# I Degrees of Freedom

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1. Jun 14, 2017

### lola2000

I am trying to understand how to decide the number of degrees of freedom when calculating a chi-squared and p value.

I have the data:

England:
people with no pets = 665
people with 1 pet = 976
people with 2+ pets = 913

Scotland
people with no pets = 313
people with 1 pet = 527
people with 2+ pets = 506

Wales
people with no pets =302
people with 1 pet = 440
people with 2+ pets = 358

I've calculated the expected frequency and therefore the (observed - expected)^2 / expected for each cell but im stuck with degrees of freedom

One thing ive found says dof = (rows-1 ) * (col -1 ) which would = 2 * 2 = 4
another thing says dof = number of cells - number of restrictions = 9 - 2 = 7
where number of restrictions is number of things you are categorising by

2. Jun 14, 2017

### andrewkirk

Both methods are correct and give the same answer, which is 4.
To apply the 'number of restrictions' method we need to count the restrictions carefully. There are five restrictions, being:
• items in column 1 must add to column total 1
• items in column 2 must add to column total 2
• items in column 3 must add to column total 3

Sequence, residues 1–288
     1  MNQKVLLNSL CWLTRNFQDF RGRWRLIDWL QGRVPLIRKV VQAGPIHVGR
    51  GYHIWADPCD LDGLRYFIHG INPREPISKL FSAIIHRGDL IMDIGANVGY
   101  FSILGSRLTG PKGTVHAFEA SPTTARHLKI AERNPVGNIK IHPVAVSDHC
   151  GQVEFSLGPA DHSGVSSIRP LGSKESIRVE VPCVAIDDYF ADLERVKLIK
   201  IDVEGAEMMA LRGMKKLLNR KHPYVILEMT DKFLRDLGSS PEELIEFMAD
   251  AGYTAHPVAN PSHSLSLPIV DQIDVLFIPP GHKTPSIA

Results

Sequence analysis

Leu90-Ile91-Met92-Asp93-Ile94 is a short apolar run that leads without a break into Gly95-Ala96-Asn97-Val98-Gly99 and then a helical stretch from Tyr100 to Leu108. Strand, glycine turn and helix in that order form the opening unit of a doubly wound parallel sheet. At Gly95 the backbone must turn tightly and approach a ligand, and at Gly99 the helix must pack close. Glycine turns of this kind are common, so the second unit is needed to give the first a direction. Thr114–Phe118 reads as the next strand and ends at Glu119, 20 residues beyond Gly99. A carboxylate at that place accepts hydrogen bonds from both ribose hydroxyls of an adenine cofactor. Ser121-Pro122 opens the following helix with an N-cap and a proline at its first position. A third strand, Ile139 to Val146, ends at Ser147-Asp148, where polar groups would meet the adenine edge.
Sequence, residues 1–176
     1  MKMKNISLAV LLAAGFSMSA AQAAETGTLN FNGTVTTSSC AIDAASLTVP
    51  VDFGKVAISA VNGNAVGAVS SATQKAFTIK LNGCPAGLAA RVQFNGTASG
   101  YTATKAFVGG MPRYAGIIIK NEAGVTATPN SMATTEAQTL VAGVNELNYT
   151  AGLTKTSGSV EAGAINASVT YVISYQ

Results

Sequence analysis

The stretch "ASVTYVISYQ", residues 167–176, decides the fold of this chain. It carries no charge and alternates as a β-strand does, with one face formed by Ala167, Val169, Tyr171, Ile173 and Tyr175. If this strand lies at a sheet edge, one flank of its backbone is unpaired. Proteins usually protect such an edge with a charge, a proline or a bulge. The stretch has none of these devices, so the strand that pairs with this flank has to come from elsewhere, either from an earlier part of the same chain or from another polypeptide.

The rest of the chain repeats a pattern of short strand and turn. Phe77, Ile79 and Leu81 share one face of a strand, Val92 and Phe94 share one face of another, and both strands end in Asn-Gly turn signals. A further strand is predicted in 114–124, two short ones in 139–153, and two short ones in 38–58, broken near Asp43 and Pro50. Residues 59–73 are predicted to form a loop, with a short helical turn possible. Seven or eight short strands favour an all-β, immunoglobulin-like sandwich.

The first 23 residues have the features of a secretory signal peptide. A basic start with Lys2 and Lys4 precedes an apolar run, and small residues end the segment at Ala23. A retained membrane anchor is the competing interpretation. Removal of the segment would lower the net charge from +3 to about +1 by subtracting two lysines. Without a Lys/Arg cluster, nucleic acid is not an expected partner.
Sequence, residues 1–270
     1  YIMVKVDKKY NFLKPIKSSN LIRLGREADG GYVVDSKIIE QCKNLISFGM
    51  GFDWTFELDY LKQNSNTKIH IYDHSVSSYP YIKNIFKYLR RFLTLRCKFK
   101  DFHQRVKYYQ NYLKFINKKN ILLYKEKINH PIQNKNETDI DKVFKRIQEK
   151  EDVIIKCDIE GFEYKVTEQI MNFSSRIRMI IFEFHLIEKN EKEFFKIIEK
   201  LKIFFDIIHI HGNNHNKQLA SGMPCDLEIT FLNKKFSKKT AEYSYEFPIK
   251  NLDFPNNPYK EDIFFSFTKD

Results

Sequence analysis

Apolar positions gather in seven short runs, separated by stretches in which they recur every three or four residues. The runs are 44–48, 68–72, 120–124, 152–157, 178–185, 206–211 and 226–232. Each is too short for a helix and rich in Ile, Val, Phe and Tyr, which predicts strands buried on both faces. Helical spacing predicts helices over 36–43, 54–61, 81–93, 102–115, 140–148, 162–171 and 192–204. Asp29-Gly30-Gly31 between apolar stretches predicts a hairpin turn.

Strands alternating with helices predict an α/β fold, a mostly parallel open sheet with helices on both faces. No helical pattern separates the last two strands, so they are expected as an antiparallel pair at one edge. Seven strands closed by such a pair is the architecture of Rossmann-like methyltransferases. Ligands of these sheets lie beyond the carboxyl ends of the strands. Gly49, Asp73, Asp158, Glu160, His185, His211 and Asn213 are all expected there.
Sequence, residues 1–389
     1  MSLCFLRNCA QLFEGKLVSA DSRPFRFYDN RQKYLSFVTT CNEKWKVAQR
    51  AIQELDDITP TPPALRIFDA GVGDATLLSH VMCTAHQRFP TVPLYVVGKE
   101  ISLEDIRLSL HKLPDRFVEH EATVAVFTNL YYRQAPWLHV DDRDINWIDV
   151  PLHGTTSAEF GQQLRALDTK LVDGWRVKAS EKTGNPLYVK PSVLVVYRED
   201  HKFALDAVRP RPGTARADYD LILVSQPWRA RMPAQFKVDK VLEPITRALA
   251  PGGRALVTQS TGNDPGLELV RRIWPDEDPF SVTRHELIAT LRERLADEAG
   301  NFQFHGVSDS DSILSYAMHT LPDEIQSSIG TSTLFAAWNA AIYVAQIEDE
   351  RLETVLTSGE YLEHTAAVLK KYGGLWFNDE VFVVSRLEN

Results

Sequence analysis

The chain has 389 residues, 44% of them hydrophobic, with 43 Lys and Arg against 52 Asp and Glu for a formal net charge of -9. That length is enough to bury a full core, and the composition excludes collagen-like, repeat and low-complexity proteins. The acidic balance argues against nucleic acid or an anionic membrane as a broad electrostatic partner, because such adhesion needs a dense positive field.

• items in row 1 must add to row total 1
• items in row 2 must add to row total 2
We don't need a restriction on row 3 because it is already implied by the five restrictions above, as
total row 3 = tot col 1 + tot col 2 + tot col 3 - tot row 1 - tot row 2

I suggest sticking with the (r-1) x (c-1) mnemonic, as it's easier to remember.

3. Jun 14, 2017

### lola2000

Thanks so much for the help. I see where I went wrong with the number of restrictions now

4. Jun 18, 2017

### lola2000

Similar question but how would this hold true for a situation where you have a random number generator producing numbers between 0 and 9 and you are counting their frequency? So you would have a table of one row and 10 columns.

Degrees of freedom is 9?

5. Jun 18, 2017

### andrewkirk

Yes.

6. Jun 20, 2017

### chiro

Hey lola2000.

The degrees of freedom is a function of the number of independent parameters in the model in addition to how many independent observations exist within the sample.

If you can understand this then you will be able to get an arbitrary value for the degrees of freedom of any statistic.

You use D = I - P where I is the number of independent sample points and P is the number of independent parameters being assessed.

Different test statistics use different rules to get it but the idea above is central to that of all statistics.